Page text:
(65d) Cell Membrane Ganglioside GM1 Mediated Amyloid-Beta Fibril Formation and Membrane Disruption | AIChE

(65d) Cell Membrane Ganglioside GM1 Mediated Amyloid-Beta Fibril Formation and Membrane Disruption


Chi, E. Y. - Presenter, The University of Chicago
Frey, S. L. - Presenter, The University of Chicago
Lee, K. Y. - Presenter, The University of Chicago

Alzheimer's disease (AD) is a neurodegenerative disease affecting more than 4.5 million people in the U.S. and to date, no successful treatment is available. Although it is widely accepted that the assembly of amyloid-β peptide into insoluble fibrils is the primary event driving AD pathogenesis, the mechanism of amyloid-β fibril formation and toxicity in vivo is still unclear. In vitro studies have demonstrated that amyloid-β can aggregate at concentrations orders of magnitude lower in the presence of lipid membranes compared to bulk. In particular, the glycolipid ganglioside GM1 has been shown to accelerate fibril formation and contribute to toxicity. To gain a fundamental understanding of how GM1 mediates amyloid-β fibril formation and toxicity, we used Langmuir monolayers and vesicles to probe amyloid-β-GM1 interactions, and subsequently characterized their interactions on fibril formation and membrane morphology.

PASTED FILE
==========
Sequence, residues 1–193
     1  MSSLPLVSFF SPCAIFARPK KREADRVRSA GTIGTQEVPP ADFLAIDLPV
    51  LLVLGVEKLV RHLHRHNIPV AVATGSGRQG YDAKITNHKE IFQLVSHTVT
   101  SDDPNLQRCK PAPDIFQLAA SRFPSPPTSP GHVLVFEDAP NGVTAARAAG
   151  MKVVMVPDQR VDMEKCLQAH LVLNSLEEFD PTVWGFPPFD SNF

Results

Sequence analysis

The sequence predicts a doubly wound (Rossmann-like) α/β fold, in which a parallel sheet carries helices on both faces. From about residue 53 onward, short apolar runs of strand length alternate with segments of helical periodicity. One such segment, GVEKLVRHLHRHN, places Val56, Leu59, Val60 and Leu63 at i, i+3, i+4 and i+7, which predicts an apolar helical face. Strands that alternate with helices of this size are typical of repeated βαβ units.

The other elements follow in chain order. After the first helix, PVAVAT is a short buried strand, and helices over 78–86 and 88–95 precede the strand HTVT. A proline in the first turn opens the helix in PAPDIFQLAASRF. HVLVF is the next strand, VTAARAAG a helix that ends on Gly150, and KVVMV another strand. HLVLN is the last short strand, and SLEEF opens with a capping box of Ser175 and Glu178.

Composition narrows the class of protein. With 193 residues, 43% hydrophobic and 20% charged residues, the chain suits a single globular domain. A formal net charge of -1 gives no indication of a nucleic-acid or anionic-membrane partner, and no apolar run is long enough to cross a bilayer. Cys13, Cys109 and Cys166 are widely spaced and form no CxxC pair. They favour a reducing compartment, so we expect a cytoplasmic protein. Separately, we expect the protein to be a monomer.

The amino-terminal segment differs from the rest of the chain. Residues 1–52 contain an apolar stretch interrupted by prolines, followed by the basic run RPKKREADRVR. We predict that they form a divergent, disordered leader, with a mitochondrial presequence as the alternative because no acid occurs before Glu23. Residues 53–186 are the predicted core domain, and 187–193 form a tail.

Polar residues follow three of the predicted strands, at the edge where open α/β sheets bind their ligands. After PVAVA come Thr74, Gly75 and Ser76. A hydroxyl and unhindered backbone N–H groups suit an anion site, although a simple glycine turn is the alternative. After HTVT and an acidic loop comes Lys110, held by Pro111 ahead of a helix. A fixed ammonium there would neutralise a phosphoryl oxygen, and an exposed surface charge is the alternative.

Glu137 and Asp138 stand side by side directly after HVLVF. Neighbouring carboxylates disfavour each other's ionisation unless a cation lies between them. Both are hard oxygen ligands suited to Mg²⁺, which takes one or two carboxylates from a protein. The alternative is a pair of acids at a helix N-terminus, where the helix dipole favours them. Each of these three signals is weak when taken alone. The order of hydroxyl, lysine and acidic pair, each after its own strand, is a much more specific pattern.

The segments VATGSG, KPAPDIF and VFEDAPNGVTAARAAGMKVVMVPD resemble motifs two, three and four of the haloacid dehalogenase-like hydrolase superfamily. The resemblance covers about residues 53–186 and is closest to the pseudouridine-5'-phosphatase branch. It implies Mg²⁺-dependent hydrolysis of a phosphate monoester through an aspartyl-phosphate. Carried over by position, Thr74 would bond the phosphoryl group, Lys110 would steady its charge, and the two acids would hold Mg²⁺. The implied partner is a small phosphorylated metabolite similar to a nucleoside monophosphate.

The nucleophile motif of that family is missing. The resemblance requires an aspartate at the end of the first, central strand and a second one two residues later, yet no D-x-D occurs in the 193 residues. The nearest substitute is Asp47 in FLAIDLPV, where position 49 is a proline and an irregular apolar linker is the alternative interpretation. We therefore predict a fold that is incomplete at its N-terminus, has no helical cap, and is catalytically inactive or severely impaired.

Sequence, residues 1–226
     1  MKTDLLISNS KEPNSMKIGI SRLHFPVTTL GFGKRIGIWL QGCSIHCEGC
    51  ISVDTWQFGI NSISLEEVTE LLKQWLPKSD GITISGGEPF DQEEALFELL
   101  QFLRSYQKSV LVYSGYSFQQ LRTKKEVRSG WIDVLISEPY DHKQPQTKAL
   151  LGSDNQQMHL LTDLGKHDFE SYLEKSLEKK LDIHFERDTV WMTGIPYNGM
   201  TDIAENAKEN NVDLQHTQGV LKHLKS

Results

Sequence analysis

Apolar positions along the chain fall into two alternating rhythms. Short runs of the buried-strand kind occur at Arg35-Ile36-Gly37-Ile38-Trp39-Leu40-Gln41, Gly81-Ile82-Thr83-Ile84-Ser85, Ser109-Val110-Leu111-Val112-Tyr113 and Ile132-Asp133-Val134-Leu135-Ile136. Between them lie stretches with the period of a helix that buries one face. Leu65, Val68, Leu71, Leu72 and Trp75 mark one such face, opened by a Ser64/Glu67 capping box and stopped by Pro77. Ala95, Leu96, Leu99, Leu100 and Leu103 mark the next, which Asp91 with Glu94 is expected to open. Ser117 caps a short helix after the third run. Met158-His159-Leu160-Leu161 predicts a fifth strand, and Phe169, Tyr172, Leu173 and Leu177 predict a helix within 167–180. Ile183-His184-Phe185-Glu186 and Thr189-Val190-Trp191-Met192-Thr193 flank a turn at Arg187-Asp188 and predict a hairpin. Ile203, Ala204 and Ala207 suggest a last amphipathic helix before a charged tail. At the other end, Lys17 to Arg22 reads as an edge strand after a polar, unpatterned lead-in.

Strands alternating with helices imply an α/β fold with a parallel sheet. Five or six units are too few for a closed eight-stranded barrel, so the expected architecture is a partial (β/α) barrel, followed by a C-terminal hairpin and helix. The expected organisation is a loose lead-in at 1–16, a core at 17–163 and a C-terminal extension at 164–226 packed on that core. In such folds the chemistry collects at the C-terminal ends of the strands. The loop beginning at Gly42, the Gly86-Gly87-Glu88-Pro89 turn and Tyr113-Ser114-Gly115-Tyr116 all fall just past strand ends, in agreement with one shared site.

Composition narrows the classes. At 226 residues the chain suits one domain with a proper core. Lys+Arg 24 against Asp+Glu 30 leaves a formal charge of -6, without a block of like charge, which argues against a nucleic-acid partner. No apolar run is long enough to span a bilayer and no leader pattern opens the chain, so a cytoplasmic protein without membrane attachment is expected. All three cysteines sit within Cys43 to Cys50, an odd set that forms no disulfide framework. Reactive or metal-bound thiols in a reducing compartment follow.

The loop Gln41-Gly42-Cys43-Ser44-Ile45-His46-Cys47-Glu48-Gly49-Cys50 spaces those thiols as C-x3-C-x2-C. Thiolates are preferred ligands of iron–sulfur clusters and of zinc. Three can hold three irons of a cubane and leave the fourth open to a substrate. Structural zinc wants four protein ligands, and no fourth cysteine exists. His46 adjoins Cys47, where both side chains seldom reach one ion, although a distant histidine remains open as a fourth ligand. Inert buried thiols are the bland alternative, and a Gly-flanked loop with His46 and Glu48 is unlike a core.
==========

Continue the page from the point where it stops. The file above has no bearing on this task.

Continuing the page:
Peptide-membrane interactions were measured by constant pressure insertion assays and fibril formation was determined by incubating amyloid-β with vesicles. Lipid monolayer morphology was monitored with fluorescence microscopy and atomic force microscopy. Amyloid-β exhibited specific and favorable interaction with GM1, where peptide insertion increased with increasing GM1 content in DPPC monolayer regardless of increases in membrane rigidity at low M1 concentrations. This favorable interaction led to accelerated fibril formation when amyloid-β was incubated with POPC vesicles contained GM1 compared to those incubated without vesicles or with POPC vesicles. Insertion of amyloid-β into lipid monolayers led to the disruption of both liquid disordered and condensed domains. Our results implicate that the adsorption of amyloid-β to physiological levels of GM1 on neuronal cell surface may seed the formation of fibrils and induce disruption to the morphology of cell membrane.